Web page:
• Barry Turner
Part of the The Statesman’s Yearbook book series (SYBK)


Pottery was being made on the Philippine archipelago from at least 3000 BC, probably by people of Malay origin, and metals were being worked by the first millennium BC. Merchants from south China reached the islands during the 10th century AD (T’ang Dynasty), heralding centuries of Chinese trade with the region. Arab traders brought Islam from the Malay peninsula via Borneo and the Sulu archipelago in the late 13th century, and by the 15th century Islamic influence had spread as far north as Luzon. Most islanders lived in barangays, communities of 30–100 households based largely on kinship.


Unable to display preview. Download preview PDF.

Unable to display preview. Download preview PDF.

Further Reading

  1. National Statistics Office. Philippine Statistical Yearbook.Google Scholar
  2. Abinales, Patricio N., State and Society in the Philippines. 2005Google Scholar
  3. Balisacan, Arsenio M. and Hill, Hal, (eds.) The Philippine Economy: Development, Policies, and Challenges. 2003Google Scholar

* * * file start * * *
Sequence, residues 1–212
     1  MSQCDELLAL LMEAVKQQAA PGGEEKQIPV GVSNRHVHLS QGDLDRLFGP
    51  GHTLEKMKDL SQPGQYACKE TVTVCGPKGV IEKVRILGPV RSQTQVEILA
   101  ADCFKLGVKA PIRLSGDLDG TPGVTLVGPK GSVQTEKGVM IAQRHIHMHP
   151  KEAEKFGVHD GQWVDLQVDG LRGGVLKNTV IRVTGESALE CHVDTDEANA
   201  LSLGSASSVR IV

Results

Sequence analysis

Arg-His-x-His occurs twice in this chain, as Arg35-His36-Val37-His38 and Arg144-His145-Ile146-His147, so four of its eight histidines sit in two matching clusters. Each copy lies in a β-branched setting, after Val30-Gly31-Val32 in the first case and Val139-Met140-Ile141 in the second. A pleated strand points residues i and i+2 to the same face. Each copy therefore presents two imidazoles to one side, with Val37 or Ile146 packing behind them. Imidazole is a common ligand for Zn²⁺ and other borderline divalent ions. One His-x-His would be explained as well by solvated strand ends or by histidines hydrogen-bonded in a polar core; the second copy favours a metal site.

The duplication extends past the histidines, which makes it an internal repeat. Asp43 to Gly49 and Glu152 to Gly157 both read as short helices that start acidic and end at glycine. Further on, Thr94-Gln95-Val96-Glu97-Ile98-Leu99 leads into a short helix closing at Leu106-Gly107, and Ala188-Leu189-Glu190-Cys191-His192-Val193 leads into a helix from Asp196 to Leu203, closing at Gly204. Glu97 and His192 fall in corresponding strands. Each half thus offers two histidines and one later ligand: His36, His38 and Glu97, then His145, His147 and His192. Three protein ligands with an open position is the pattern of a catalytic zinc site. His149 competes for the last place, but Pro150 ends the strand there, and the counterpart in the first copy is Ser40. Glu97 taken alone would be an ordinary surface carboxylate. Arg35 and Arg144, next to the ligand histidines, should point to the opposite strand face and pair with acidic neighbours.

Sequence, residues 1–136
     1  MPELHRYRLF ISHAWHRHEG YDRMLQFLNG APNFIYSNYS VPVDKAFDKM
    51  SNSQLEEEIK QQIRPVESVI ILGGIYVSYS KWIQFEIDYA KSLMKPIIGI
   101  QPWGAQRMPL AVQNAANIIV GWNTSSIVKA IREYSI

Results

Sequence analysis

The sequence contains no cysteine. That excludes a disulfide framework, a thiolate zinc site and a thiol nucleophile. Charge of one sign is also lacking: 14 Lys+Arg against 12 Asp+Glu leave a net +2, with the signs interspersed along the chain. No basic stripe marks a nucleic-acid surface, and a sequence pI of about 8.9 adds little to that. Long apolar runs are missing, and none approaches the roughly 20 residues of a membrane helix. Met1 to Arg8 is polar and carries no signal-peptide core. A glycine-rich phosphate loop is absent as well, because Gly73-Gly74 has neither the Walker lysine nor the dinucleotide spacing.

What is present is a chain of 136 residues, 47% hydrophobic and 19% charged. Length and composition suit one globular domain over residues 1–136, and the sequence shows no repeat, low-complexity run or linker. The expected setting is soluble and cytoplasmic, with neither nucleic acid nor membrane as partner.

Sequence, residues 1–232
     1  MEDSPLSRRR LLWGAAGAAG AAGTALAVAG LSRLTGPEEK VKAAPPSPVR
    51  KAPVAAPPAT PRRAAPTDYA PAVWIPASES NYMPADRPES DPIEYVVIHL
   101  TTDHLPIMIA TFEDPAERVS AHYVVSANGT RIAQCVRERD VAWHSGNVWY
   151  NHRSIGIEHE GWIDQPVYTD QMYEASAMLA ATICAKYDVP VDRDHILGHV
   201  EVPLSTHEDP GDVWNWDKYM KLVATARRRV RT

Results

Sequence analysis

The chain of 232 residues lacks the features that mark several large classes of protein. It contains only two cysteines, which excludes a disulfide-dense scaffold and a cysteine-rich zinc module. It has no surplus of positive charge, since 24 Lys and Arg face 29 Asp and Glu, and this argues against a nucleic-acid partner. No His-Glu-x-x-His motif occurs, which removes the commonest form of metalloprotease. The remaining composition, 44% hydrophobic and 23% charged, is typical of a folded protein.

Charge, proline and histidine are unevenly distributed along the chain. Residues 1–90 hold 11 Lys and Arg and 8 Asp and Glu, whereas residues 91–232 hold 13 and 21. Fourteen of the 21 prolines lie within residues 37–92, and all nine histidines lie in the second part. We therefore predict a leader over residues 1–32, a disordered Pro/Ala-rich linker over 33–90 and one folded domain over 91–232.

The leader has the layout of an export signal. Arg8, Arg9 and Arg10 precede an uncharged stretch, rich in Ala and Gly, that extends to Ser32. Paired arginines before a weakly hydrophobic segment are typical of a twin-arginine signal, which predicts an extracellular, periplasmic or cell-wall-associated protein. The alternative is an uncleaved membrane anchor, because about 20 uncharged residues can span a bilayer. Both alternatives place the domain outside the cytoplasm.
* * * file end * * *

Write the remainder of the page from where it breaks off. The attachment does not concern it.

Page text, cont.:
4. Francia, Luis H., A History of the Philippines: From Indios Bravos to Filipinos. 2010Google Scholar
  5. Hamilton-Paterson, J., America’s Boy: The Marcoses and the Philippines. 1998Google Scholar
  6. Hedman, Eva-Lotta, In the Name of Civil Society: From Free Election Movements to People Power in the Philippines. 2005Google Scholar
  7. Hedman, Eva-Lotta and Sidel, John, (eds.) Philippine Politics and Society in the Twentieth Century: Colonial Legacies. 2000Google Scholar
  8. Larkin, J. A., Sugar and the Origins of Modern Philippine Society. 1993Google Scholar
  9. National Statistical Office: National Statistics Office, Solicarel Bldg., 1 Ramon Magsaysay Blvd., Sta Mesa, Manila 1008.Google Scholar

Copyright information

© Palgrave Macmillan, a division of Macmillan Publishers Limited 2013

Authors and Affiliations

  • Barry Turner

There are no affiliations available

Personalised recommendations